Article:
DAY TWO – August 14, 2017
As educators, Gary and I have talked glowingly about the wonders and beauty of the total solar eclipse. From first-hand experience we describe the changes that occur as the eclipse progresses through its various stages. We see the students following along, some eyes wide with wonder and hands raised with questions. And we both know that there is no description, no picture, no video that can adequately prepare them for the majesty of the event. And that’s alright, if we could succeed there would be no reason to see it at all.
So why do we watch an eclipse?
Watching a total solar eclipse is similar to asking someone why they climb a mountain. The standard response is because it’s there. Whether you are viewing the world from a high mountain summit or gazing at the Moon covering the Sun, the memories of succeeding at your goal are awe inspiring. But in reality only fleeting, and much like life, it’s the journey, the experiences and the changes that occur along the way that have the real lasting impact. And those changes can’t be anticipated, but only experienced at the time.
We have this trip well planned. We have been considering it for many years. We have secured a site and will arrive six days before the event, test our equipment extensively (yet again), and make any corrections as necessary. We have redundant equipment, provisions of food, water gas, and backup plans in place.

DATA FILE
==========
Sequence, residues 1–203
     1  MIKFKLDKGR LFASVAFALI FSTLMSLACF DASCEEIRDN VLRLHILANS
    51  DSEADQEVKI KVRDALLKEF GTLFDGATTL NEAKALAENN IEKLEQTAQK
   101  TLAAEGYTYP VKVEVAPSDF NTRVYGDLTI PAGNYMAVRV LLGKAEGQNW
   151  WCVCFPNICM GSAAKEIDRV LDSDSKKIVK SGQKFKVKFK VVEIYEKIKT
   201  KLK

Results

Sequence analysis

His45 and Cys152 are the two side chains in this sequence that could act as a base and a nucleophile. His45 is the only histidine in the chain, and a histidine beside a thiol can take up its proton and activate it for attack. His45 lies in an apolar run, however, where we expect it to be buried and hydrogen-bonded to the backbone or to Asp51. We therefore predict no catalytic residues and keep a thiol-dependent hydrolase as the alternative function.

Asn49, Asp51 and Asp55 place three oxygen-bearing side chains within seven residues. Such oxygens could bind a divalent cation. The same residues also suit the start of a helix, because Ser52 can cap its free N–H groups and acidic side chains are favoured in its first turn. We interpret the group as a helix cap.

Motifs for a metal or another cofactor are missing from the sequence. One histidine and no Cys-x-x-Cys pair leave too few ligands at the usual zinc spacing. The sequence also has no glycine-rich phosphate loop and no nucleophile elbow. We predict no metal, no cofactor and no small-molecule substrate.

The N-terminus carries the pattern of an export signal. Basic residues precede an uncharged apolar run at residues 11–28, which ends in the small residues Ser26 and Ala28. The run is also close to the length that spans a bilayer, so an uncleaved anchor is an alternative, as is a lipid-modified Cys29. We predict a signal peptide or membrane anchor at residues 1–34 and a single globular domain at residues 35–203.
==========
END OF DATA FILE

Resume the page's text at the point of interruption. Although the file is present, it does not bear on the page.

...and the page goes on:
The polar explorer Amundson once said that
Adventure is just bad planning.
I like that, although there are some things that just can’t be planned.
The conversation on the car phone along the drive through Iowa was with David Fisherowski, an amateur meteorologist who makes some great weather predictions. Gary is also skilled in such matters with both of them using the latest weather models from various sources. We picked Guernsey State Park in Wyoming as our primary site based on our rubric. Weather was a huge factor in that rubric and although nothing in meteorology is ever guaranteed, Gary and Dave both agree that we need to base ourselves on statistics. And that’s all we can do when it comes to weather.
Our deadline to stay or leave is 36 hours in advance. And if we have to bug out, that’s when the adventure begins. And like Amundson, were not hoping to have that kind of adventure. If such a thing occurs we quickly go into “eclipse chase mode”. As we explained to Michael, food is not necessary. Seeing the eclipse is the top priority, imaging the eclipse is secondary, and afterwards we can take care of food and lodging needs.
Adam R. Jones, is a talented computer programmer, and professional meteorologist in Colorado. He will be arriving with an entourage of family and friends to Guernsey, although he plans to go closer to the centerline for the actual eclipse. Adam really hedges his bet. As a pilot, he even has a plane on standby in case he gets socked in by weather. His current forecast is that there is an 80% chance that we will see totality at Guernsey. And those odds are about as good as it gets at this point. The Accuweather forecast a week out calls for fair skies for Guernsey, and better skies in Nebraska.
So we continue our drive along Interstate 80 through Iowa and Nebraska passing alternately through showers and Sun as we approach our destination. Tonight we sleep at Paxton, Nebraska. Tomorrow the road trip comes to a close and we set up camp in Guernsey.